September 18, 2017

Jaime Caruana, General Manager of BIS, spoke about the supervisory policy implementation in the current macro-financial environment, at a conference of the Financial Stability Institute Conference in Basel, Switzerland. He highlighted the importance of effective implementation of the post-crisis global regulatory reforms. He then discussed the three dimensions of policy implementation: adopting new standards in a proper, consistent and timely way; assessing whether standards, once implemented, achieve their objectives; and putting in place supervisory frameworks that maximize the benefits of new standards.

Since the early stages of designing the current reforms, there have been significant efforts to assess their potential impact. As these reforms are being implemented, more valuable information is becoming available to assess whether the new rules are working as intended and whether they generate adverse unintended effects. These can include the excessive shift of risks toward less regulated areas, the reduced liquidity in some securities markets, or the retrenched provision of correspondent banking services to some countries. Such assessments require a comprehensive and inter-sectoral approach to grasp the whole range of effects that the new standards could generate. The comprehensive analysis should build on the extensive impact assessments conducted by each standard-setter. The next logical step is to systematically conduct and generalize these types of assessments. FSB, in cooperation with the relevant standard-setters, has recently launched a methodological framework for the evaluation of the  post-crisis reforms. In this context, two elements seem to be critical.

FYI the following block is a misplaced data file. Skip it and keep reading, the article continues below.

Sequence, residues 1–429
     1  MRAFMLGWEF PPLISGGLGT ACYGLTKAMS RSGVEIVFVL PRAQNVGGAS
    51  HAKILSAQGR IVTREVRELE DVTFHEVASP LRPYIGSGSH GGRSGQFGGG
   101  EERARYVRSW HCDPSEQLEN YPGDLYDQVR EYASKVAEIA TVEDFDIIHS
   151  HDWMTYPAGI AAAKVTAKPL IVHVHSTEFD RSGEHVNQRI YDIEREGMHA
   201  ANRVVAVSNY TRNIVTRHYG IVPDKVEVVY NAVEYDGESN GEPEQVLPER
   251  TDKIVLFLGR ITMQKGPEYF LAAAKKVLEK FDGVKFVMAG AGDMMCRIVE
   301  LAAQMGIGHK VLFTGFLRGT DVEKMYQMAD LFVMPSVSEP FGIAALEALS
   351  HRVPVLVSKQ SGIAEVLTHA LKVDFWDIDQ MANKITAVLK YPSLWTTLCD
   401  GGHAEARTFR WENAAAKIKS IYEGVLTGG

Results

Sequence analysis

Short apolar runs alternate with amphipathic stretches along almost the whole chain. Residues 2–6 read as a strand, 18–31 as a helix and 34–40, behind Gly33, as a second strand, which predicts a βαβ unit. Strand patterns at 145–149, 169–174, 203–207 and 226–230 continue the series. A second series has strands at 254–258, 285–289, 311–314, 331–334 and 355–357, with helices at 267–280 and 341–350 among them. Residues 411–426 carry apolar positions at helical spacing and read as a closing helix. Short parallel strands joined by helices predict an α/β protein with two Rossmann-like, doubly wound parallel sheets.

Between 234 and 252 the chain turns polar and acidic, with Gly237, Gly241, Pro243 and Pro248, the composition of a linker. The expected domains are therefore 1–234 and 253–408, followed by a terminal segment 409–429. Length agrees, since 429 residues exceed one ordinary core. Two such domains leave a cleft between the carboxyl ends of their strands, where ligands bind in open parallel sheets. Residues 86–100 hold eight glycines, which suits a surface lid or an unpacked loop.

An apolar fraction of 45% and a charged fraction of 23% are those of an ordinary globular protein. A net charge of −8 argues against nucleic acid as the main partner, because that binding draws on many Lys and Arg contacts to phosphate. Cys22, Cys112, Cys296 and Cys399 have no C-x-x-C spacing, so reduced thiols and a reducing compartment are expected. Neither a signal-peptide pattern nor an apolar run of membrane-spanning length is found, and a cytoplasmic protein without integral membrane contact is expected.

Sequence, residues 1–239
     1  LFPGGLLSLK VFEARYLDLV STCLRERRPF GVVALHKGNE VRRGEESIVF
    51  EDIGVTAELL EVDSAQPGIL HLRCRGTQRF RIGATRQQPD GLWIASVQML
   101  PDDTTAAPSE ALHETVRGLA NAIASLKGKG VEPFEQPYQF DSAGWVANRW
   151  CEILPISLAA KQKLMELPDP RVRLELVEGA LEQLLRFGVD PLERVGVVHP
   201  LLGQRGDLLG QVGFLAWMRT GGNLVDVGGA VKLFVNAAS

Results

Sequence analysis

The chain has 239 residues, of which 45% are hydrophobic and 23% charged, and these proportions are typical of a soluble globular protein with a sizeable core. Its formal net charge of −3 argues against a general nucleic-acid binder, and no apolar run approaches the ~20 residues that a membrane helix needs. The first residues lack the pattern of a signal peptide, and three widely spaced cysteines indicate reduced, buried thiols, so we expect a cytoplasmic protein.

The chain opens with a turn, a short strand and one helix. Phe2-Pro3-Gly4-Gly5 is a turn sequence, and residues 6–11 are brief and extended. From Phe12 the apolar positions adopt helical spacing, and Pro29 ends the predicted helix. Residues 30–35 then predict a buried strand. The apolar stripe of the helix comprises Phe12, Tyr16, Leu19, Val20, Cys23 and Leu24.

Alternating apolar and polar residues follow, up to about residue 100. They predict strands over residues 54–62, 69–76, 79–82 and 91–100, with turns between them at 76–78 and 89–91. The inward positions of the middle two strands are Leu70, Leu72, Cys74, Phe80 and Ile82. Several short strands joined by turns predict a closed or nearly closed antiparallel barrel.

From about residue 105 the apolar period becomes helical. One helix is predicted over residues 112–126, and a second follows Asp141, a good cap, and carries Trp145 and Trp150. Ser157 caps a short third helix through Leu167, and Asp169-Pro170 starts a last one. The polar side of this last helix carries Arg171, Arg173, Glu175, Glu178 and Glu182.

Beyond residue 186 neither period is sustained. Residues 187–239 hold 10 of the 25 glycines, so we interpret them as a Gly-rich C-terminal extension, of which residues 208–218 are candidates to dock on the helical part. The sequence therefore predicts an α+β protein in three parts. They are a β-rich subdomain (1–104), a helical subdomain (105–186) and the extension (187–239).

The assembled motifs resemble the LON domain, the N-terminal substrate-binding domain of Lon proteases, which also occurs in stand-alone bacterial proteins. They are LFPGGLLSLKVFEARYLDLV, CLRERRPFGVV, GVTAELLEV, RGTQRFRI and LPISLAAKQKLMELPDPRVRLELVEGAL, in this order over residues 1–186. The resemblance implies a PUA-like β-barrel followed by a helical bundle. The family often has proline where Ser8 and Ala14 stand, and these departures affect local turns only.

To maximize the benefits of new standards, supervisors must take a more comprehensive approach to address the build-up of vulnerabilities at financial institutions. Mr. Caruana explains that supervisory intervention needs to be more proactive and highlights that supervisory priorities and practices are becoming more forward-looking. He also discussed the need for policy interventions (by conduct of business supervisors and prudential supervisors), arising from developments in the area of financial technology (fintech). He then cited the example of the recent Basel Committee public consultation on the implications of fintech for the financial sector. The effectiveness of policy actions can only be achieved through international cooperation among national authorities. One key aspect of this cooperation is the exchanges of practices and experiences among regulators and supervisors to help ensure that sound policy approaches are adopted worldwide. He believes that FSI can support the standard-setters in this regard and should continue to play a key role in promoting the adoption of good policy practices across jurisdictions. This work goes well beyond the dissemination of standards. It also includes, as the FSI is now doing, facilitating information-sharing and providing analysis that helps financial sector authorities to identify the appropriate policy approaches. 

 

Related Link: Speech (PDF)

Keywords: International, Banking, Securities, Insurance, Policy Implementation, Post-Crisis Reforms, Financial Stability, BIS

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